That’s an ample opportunity, but the current options suck. Some have contorted Slack to serve as a community destination, but that's not it's raison d'etre. Others have popped up specifically to be community platforms, but they suffer from the "Field of Dreams" conundrum; if you build it, will they come?

I’d like to see a solution that meets users where they are. You can imagine a browser extension that sits on top of SaaS applications and activates the relevant community discussion when someone is in the product. With the right integrations, this widget could also understand product usage and allow users to coach each other to get more out of a platform.

It'd be like Discord for SaaS: distributed across applications and a unified destination. Game on.

Jake Saper, General Partner at Emergence Capital

Commerce x Community

Grailed with dedicated forums

Resale marketplaces like Grailed, Goat, StockX, and others have been successful because they have solved many pain points of peer-to-peer transactions (e.g., aggregating supply and ensuring trust amongst users). Before these marketplaces, users had to deal with the logistics of buying and selling through private Facebook groups or forums like Niketalk.

While that’s great, these marketplaces have failed to fulfill an essential desire of their customer base: community. Fan-led discussions mainly exist in subreddits, Discords, and other disaggregated forums. I have many fond memories of hanging out with friends and learning about new sneakers through threads on superfuture. To that end, I think there’s an exciting opportunity to vertically integrate community with a marketplace.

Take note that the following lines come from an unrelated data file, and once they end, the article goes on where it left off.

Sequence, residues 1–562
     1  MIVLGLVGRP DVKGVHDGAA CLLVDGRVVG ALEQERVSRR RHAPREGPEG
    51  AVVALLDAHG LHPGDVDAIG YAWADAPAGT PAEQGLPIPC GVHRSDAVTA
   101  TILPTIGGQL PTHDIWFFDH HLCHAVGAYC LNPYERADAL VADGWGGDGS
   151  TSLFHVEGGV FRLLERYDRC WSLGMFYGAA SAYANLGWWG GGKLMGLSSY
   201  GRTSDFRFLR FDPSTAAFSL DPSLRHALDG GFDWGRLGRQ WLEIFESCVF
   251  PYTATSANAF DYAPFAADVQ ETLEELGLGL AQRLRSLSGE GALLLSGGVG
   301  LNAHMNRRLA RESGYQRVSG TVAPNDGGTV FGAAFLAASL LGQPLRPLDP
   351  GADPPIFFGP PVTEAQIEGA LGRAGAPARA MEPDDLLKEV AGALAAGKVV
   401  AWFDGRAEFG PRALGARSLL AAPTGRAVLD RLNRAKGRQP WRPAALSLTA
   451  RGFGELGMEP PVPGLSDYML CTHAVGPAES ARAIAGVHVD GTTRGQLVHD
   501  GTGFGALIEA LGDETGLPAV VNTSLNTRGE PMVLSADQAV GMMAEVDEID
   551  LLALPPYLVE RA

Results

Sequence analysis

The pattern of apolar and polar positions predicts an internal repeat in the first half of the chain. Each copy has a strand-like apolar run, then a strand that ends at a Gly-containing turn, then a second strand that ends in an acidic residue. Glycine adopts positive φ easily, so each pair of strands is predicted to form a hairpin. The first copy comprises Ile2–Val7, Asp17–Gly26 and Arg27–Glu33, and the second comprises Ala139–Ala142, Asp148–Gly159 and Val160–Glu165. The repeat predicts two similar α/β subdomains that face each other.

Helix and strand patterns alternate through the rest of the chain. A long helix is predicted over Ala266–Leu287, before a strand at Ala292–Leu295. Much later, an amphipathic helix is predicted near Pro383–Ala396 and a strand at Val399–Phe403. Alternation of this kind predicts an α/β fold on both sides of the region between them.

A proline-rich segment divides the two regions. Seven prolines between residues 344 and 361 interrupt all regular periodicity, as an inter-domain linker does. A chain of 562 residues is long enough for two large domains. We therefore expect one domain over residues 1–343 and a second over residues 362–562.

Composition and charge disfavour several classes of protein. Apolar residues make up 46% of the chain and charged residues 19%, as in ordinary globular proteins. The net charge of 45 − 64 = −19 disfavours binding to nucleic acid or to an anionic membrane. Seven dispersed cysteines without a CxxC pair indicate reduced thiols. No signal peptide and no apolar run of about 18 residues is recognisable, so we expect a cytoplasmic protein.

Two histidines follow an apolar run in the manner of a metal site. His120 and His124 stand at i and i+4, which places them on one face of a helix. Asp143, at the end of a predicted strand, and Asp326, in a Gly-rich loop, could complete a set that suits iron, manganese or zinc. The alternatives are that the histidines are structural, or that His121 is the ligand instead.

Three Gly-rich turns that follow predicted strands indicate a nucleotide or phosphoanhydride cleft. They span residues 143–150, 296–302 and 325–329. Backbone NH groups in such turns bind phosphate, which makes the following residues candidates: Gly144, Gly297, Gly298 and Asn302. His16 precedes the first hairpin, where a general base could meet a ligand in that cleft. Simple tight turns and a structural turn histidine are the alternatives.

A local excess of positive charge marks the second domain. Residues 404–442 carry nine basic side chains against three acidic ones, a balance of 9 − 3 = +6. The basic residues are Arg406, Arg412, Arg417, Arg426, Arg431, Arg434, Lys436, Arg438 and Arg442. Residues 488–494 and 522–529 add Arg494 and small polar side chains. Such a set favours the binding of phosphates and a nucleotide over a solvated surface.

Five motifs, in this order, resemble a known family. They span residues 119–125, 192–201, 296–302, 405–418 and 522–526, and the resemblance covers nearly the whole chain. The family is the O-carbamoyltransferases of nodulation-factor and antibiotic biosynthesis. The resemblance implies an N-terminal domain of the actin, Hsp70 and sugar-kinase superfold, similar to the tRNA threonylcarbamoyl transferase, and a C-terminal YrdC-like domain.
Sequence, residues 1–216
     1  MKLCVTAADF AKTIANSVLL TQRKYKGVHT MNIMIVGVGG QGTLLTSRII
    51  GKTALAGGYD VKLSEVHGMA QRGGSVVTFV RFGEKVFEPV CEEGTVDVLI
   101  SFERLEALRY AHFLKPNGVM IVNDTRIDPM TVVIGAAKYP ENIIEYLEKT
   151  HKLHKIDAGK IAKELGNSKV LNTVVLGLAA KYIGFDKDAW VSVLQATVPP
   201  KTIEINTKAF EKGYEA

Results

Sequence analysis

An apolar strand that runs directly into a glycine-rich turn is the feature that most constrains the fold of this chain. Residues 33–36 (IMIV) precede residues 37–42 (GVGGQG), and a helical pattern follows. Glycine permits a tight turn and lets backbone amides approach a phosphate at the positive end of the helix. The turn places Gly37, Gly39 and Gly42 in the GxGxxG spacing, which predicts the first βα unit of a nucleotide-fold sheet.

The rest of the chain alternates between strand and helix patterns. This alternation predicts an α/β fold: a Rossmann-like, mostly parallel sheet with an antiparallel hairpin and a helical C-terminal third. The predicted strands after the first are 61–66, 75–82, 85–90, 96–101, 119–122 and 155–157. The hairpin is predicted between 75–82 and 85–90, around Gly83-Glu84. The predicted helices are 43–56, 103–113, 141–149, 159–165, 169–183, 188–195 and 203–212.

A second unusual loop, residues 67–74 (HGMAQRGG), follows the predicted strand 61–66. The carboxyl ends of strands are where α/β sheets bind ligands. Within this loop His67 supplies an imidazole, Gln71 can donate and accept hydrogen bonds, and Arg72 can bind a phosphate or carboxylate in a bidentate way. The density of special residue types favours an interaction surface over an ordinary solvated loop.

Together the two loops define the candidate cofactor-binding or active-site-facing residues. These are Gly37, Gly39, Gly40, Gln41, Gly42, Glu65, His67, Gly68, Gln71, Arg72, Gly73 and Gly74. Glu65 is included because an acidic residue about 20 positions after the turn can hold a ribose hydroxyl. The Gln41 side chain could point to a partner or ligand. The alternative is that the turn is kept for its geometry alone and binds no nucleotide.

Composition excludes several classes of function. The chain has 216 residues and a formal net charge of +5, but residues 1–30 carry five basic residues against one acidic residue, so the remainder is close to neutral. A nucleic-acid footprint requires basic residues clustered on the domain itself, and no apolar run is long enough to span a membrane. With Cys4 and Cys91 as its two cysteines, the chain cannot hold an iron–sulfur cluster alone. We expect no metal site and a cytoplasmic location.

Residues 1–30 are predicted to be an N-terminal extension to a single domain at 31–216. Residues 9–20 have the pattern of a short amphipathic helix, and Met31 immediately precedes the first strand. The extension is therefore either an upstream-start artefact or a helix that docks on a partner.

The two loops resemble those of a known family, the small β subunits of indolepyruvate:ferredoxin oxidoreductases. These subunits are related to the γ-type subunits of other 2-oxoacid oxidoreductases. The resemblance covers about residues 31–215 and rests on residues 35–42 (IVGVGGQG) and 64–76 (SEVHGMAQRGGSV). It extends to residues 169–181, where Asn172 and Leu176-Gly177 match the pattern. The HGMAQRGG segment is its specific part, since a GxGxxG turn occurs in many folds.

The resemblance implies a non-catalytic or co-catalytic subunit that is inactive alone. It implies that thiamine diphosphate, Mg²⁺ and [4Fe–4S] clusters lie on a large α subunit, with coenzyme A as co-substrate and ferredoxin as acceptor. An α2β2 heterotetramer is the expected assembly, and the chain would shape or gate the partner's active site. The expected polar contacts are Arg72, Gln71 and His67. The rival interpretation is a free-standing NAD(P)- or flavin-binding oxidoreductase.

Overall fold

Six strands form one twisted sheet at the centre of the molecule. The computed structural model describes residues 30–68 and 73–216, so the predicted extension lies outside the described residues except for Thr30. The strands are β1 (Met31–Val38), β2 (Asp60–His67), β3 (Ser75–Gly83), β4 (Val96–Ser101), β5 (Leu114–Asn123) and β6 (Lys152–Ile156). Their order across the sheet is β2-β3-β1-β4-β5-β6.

Bringing discussion and education to the marketplace would be a savvy way to engage and strengthen the existing customer base and draw in more potential users.

Dillon Liang, Investor at Bullpen Capital

From Landlord to Bank

Peer-to-peer rent-to-own platform

I have received a lot of pitches from companies helping people become partial owners of rental units. I have passed on all of them because I don't know if that's a behavior I'd like to incentivize. If you have many people who are co-owners of a property, but the person living in that property doesn't know any of them, does this encourage good landlord behavior? Negative landlord behavior? My hypothesis is the latter (check back in with me in a few years to confirm if this turned out to be true!).

To incentivize positive landlord behavior and upward mobility for renters, I'd like to see a company that helps people become mini-banks. Specifically, I’d love to see a business that could help me purchase a home with the intent of "rent-to-own" -ing it out to someone else. That encourages both positive landlord behavior and positive renter behavior. I could still make a return by taking part in the appreciation of the underlying asset. The renter would be given a seamless way to purchase a property they have already invested in by renting it out. I have seen this behavior done one-off, but I think technology could help landlords build this strategy out more thoughtfully and offer robust solutions to tenants as well.

There would have to be some safeguards to ensure that landlords provided fair terms, but I think it’s a risk that could be solved. I’d love to see companies working in the space!

Sydney Thomas, Principal at Precursor Ventures